Rees-Mogg's comments on Theresa May confidence vote resurface after Johnson survives
BBC

Jacob Rees-Mogg's comments on Theresa May after she survived a no confidence vote in December 2018 have resurfaced after his ally Boris Johnson also managed to survive a vote but by a worse margin.

Tory MPs voted by 211 to 148 in the secret ballot in Westminster, Conservative 1922 Committee chairman Sir Graham Brady announced. A threshold of 180 votes is all the PM needed to win the vote.

Announcing the results, Sir Graham Brady said: “Good evening. I can report as returning officer that 359 ballots were cast, no spoilt ballots, that the vote in favour of having confidence in Boris Johnson as leader was 211 votes and a vote against was 148 votes. And therefore, I can announce that the parliamentary party does have confidence in Boris Johnson.”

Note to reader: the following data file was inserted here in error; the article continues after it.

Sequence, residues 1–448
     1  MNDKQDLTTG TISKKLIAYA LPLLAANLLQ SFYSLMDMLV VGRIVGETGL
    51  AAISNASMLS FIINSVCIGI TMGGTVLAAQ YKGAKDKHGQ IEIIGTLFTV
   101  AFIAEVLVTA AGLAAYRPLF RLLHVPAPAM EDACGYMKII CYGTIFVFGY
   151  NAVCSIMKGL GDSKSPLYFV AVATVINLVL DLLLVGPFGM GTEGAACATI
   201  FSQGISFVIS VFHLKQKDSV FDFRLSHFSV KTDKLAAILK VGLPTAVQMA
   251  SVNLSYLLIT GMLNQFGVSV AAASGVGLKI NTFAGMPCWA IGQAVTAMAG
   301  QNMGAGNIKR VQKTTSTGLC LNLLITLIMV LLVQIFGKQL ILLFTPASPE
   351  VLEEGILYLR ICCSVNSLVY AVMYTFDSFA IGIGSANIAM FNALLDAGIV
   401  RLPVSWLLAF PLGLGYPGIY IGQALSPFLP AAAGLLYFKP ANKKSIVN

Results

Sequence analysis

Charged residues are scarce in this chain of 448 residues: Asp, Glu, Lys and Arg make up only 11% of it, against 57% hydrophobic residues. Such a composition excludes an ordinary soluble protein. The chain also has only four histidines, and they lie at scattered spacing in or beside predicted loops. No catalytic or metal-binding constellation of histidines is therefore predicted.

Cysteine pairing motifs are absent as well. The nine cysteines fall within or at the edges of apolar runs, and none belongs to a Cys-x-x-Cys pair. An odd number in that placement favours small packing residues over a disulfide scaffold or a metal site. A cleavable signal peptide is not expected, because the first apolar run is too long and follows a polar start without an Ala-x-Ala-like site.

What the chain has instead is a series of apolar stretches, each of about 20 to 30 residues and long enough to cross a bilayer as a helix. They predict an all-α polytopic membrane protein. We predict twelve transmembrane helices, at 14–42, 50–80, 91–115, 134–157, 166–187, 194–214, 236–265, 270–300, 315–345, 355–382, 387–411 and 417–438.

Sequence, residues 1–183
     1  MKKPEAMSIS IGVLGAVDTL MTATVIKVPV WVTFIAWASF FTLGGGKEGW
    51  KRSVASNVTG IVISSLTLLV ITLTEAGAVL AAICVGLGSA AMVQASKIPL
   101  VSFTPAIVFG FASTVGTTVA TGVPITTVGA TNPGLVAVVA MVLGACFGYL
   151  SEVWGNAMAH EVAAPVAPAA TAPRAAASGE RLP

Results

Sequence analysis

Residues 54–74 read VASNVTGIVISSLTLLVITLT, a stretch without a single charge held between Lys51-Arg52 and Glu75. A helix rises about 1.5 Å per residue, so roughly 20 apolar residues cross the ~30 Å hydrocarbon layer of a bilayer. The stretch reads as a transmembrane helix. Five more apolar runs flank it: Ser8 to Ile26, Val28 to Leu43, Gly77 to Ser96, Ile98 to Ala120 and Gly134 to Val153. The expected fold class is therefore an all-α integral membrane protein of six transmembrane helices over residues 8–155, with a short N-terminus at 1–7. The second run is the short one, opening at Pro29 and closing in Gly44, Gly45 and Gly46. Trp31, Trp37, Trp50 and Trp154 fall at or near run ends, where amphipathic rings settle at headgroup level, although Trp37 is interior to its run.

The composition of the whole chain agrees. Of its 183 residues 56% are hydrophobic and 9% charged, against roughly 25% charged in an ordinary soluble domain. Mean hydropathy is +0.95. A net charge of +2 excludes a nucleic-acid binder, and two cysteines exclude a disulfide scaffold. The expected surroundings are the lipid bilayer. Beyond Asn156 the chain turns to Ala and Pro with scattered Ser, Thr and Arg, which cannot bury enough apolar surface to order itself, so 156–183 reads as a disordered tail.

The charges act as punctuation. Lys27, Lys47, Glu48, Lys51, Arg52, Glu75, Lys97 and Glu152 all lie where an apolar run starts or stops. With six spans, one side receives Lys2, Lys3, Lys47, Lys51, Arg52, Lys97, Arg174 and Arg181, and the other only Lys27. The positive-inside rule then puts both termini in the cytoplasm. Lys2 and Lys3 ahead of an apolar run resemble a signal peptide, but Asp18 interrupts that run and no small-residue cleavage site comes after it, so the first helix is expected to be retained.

In the hours leading up to the vote, Rees-Mogg told Sky News: "In a democracy, one is enough. I think that the idea that there is a barrier different from the absolute barrier is false."

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At the time, when Theresa May had 117 votes against her Rees-Mogg told BBC Newsnight: This is a very bad result for the prime minister. 117 votes against. Much worse than she thought. A third of the parliamentary party. An overwhelming majority of backbenchers have voted against her."

The Tory minister's comments on the former PM have resurfaced amid the vote against Johnson with many people commenting on how poorly they have aged.





Rees-Mogg added to Sky News that he had to "eat a good deal of my own words" after May won her vote.

It remains to be seen what Rees-Mogg will make of tonights result but it certainly doesn't paint a pretty picture for the prime minister.

Additional reporting from PA.

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